She said the unforeseen twin events of the atrocity in Christchurch, which again drew Australia’s gun laws into focus, and the revelation that One Nation had spoken to the NRA about relaxing them, possibly in return for funding, had provided Morrison with an immense political opportunity.

But Huntley argued that merely offering strong criticisms of One Nation and caveated undertakings about where it might be placed on Liberal how-to-vote cards was unlikely to cut it with voters.

“He has to be prepared to lose something for his principle,” she said.

“They’re looking for statements of principled leadership and this could be one of them for him … He’s got an opportunity here. It’s on a platter.”

It was also an opportunity to align himself closely with Howard, upon whom praise is being heaped again for tightening the laws in the first place.

Conversely, Huntley said, failing to do it could go badly. “I think it could be the last nail in the coffin if he doesn’t play it well.”

Morrison’s change of heart on where to put One Nation – with specific reference to Howard’s advice, although with less clarity and force than Howard’s 1998 version – came on Thursday.

Bill Shorten had already been seeking to highlight Morrison’s initial choice.

“Sometimes in politics you have no choices,” he said earlier in the week. “There is the right thing to do and you just have to do it.”

Morrison has not gone as far as Howard, in that he has only decreed One Nation should be lower than Labor on Liberal how-to-vote cards – a move that will not apply to Nationals nor reportedly to National-identifying Liberal National candidates in Queensland, where the party is merged.

His move aims to make a value statement to those who support strong gun laws but not one that will be heard too loudly in regional Queensland.

Speaking before Morrison’s preferences declaration, qualitative pollster Tony Mitchelmore, of research company Visibility, said voters were increasingly wise to tricky strategising.

“They’re less engaged in politics than ever before but they’re not idiots,” Mitchelmore said. “They’ve got emotional IQ.”

He said political leaders need to show voters more respect and not become the story themselves, as Michael Daley became spectacularly in NSW.

Rebecca Huntley said Daley was faring alright while he was an unknown quantity, albeit possibly still not well enough to win.

But the final-week video revelation and his inability to remember key details on education funding in a leaders’ debate two days later combined to create a negative impression.

“The combination of those things in the last week suddenly put some labels on Daley when people had none,” Huntley said.

The labels were not flattering: racist and lazy. “He had no identity and in the last week of the election, he gave himself the wrong identity,” she said.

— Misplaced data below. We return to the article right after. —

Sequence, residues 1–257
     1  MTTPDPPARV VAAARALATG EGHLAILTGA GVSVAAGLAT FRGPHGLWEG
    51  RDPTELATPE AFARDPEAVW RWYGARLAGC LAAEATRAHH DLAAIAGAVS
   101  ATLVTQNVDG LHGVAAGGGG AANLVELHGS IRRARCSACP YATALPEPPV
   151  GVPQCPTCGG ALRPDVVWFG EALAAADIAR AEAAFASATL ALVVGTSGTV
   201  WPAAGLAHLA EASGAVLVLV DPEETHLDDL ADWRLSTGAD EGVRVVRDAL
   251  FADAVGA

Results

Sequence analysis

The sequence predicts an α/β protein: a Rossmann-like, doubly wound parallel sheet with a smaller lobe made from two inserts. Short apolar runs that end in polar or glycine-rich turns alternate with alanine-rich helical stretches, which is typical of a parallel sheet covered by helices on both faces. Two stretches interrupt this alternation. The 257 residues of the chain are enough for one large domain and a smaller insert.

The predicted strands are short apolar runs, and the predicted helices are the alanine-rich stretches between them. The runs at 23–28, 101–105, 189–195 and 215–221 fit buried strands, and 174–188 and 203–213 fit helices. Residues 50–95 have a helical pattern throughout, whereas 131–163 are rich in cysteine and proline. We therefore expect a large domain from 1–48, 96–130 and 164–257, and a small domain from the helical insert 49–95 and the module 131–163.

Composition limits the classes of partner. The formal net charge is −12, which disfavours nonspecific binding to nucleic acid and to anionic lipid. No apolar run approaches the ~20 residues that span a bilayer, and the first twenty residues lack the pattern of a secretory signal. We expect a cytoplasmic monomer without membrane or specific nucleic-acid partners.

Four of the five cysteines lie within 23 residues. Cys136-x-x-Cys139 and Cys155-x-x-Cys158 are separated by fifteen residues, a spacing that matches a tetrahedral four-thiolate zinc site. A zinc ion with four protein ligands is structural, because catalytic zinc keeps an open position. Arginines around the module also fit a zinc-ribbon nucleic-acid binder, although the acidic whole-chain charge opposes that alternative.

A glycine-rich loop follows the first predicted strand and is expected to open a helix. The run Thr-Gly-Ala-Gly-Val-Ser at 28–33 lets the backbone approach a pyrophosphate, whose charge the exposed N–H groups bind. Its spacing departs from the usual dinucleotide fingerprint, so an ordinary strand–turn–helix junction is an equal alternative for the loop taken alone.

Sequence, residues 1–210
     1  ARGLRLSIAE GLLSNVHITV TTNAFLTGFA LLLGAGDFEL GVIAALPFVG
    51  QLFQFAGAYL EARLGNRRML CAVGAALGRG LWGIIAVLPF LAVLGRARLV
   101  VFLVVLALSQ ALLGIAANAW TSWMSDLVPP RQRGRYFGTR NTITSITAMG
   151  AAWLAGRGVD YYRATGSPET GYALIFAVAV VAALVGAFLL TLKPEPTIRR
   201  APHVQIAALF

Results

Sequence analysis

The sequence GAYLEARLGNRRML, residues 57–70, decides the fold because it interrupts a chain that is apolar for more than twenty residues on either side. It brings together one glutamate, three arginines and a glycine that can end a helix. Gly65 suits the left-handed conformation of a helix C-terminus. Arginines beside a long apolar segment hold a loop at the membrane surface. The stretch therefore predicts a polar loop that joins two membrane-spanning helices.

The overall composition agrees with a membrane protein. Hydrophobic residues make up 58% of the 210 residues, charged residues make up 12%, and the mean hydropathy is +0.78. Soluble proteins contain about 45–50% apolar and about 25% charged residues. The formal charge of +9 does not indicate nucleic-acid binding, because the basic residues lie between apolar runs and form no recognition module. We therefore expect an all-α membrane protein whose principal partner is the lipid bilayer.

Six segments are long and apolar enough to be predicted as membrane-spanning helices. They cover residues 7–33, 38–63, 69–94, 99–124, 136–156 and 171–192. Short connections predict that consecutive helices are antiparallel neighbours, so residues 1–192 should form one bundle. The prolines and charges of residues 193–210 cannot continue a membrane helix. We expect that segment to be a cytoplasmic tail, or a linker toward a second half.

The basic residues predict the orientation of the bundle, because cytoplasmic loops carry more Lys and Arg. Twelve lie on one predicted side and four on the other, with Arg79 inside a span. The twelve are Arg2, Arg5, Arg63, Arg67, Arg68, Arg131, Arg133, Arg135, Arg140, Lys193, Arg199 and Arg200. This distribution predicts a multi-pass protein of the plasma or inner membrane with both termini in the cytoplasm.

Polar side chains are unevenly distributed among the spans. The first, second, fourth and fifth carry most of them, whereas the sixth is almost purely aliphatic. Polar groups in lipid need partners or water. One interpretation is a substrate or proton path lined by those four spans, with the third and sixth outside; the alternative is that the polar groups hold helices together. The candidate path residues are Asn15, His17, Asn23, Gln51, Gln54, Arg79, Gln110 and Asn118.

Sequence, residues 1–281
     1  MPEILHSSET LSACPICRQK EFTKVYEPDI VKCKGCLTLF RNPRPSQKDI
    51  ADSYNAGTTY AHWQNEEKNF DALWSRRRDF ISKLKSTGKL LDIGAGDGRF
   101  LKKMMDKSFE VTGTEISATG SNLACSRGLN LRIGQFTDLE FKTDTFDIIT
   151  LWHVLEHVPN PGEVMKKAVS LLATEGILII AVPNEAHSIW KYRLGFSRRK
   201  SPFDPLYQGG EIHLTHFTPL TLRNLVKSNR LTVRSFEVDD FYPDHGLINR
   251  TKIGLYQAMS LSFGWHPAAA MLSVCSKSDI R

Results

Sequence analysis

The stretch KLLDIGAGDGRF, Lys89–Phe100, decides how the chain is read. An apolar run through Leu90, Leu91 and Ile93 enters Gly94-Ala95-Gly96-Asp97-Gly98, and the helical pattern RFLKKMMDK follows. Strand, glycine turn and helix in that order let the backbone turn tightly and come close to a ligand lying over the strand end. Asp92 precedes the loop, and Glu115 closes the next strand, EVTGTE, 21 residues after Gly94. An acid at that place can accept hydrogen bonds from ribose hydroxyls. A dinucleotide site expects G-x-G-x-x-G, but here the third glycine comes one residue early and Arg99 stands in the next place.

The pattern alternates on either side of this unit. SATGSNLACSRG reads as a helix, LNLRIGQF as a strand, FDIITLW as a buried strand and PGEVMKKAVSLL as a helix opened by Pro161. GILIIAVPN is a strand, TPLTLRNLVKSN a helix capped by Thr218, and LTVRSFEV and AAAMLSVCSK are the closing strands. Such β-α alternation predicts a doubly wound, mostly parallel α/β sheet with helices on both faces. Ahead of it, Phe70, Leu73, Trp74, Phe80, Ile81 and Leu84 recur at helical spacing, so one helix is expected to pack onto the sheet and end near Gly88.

It was the end of his quest to be premier.

The problem for Daley lay not just in the content of what he said in the Blue Mountains video, although that was damaging enough to be deemed responsible for losses in several seats with sizeable Chinese–Australian populations.

Federal Labor sources have told The Saturday Paper that while the multicultural community, particularly in Western Sydney, reacted “viciously” to Daley’s comments, they blamed him for them, not the Labor Party.

The problem for Daley, however, was that it drew NSW voters’ attention to the fact they had little idea of who he really was at a time when they needed to know.

Tony Mitchelmore says voters thinking about abandoning a government tend to follow a two-stage process.

First, they size up the incumbent government and decide whether they are happy with it. If they have no concerns, that’s largely where the process ends.

If they are unhappy with those in office, voters then examine the alternative – the opposition – for any reason not to support it instead.

If they can’t find one, or at least not one that outweighs their desire to boot out the government, they’ll be prepared to vote for change.

Mitchelmore says that’s where, in the final few days of the campaign, Michael Daley stumbled and fell. “Labor was doing well while the voters’ minds were just focused on the first question,” he says. “That last week was all about the second question.”

Huntley says Shorten is less vulnerable to that kind of destabilising mistake just by virtue of longevity.

“He’d have to do something to undermine that fundamental thing, to say that he was unstable,” she says. “He would have to have a Mark Latham handshake moment.”

The federal contest sets one leader who has held his post for six years against another who has been there for not much more than six months; the first disliked and the second still introducing himself.

In less than a fortnight, it will be on in earnest.

This article was first published in the print edition of The Saturday Paper on March 30, 2019 as "How authenticity will decide the election".